Home » Shop » 2013 – Risk-based management of two water bodies at a Queensland coal mine
Rob Campbell, Christopher Dann and Mark Foster
Queensland contains some of Australia’s most significant reserves of mineable metallurgical coal, which is an essential raw material used in the production of steel. The area also has large deposits of thermal coal, used for electricity generation.
For the many active open cut and underground coal mines in Queensland, the enduring operational focus is to maximise returns and productivity, while still meeting key safety and environmental responsibilities.
Maintaining open cut pits in a dewatered state is often a key factor in achieving optimal productivity of an open cut mine. In Queensland, for many mines it is not always practical to maintain all pits in a dewatered state, given the subtropical climate and significant rainfall that can occur during the wet season, between the months of November and March. In effectively managing mine water while maintaining production, it is not unusual for excess mine water to be temporarily stored in a designated open cut pit.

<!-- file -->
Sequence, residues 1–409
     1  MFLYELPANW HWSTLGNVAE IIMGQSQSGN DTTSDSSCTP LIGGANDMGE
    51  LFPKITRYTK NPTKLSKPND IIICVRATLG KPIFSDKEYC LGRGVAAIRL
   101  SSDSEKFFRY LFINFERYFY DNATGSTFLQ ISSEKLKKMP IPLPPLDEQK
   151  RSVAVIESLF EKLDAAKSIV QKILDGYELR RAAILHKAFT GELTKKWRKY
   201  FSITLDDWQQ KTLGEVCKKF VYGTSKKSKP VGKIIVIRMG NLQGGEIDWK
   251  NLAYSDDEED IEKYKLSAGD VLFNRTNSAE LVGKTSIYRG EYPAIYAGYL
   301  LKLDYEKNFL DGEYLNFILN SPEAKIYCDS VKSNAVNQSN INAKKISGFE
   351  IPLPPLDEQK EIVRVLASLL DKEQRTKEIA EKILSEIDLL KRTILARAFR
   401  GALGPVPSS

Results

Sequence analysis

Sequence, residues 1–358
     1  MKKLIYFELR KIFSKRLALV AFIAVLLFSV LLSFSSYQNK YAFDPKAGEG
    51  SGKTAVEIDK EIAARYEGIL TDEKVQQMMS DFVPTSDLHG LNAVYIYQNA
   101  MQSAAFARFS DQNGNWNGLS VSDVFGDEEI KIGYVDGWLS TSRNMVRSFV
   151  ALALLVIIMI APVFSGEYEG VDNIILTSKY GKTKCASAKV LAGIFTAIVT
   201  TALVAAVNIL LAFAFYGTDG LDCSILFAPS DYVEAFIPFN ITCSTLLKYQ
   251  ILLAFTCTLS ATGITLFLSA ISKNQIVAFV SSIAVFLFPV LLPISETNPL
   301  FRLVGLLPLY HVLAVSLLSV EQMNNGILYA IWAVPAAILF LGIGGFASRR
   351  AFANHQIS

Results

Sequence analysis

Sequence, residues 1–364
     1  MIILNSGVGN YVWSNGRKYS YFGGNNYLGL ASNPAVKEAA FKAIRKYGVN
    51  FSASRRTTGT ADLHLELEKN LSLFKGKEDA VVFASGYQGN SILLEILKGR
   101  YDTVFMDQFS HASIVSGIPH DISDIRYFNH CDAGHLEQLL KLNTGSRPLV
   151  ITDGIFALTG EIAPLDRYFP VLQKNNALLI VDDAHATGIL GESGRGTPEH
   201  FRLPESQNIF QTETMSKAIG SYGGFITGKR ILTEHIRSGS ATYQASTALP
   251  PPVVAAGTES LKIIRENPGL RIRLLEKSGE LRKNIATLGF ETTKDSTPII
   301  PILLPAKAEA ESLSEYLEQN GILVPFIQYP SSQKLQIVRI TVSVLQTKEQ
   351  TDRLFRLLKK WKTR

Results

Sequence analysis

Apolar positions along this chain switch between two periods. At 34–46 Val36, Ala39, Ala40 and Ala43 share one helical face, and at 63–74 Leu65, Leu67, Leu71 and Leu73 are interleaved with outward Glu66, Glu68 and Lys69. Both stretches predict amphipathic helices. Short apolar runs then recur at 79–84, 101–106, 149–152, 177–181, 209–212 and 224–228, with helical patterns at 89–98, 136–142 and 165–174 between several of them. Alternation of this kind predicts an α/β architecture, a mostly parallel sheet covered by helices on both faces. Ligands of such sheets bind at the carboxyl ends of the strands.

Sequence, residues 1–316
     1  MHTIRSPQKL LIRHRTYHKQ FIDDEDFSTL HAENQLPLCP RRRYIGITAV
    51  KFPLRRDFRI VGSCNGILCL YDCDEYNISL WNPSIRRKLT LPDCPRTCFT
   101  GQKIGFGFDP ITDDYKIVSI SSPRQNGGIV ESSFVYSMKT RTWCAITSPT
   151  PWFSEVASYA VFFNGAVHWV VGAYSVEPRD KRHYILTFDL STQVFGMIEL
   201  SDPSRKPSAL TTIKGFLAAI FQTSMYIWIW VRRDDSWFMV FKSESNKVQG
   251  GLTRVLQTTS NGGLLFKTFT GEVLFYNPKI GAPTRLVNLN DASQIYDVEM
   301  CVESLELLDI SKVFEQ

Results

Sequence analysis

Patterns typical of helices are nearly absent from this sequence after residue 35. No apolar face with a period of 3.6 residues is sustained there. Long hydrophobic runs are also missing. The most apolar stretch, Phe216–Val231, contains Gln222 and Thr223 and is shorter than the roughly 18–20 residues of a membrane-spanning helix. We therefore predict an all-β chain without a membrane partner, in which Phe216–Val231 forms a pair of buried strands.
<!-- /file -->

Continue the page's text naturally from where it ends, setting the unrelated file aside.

The typical scale and arrangement of open cut pits at mine sites in Queensland is such that relatively deep and high volume pits can be separated by relatively narrow “landbridges”, consisting of in-situ material or mine spoil. The situation can therefore arise where a significant volume and head of mine water is stored in one pit, with mining operations continuing in an adjacent pit, and the landbridge is required to perform as a water retaining structure. This is a scenario that might not have been considered when the landbridge was originally constructed. This paper presents a study of two such landbridges at either end of a mine pit in Queensland, over a 5 year period from 2008 to 2013, with mining activities in the pit ranging from dragline pre-stripping to open cut mining, to large scale construction works and underground mining. By employing a long term interactive approach with mine operations personnel and utilising quantitative risk management techniques, risks were effectively managed, helping the mine to maintain operations while meeting safety and environmental requirements.
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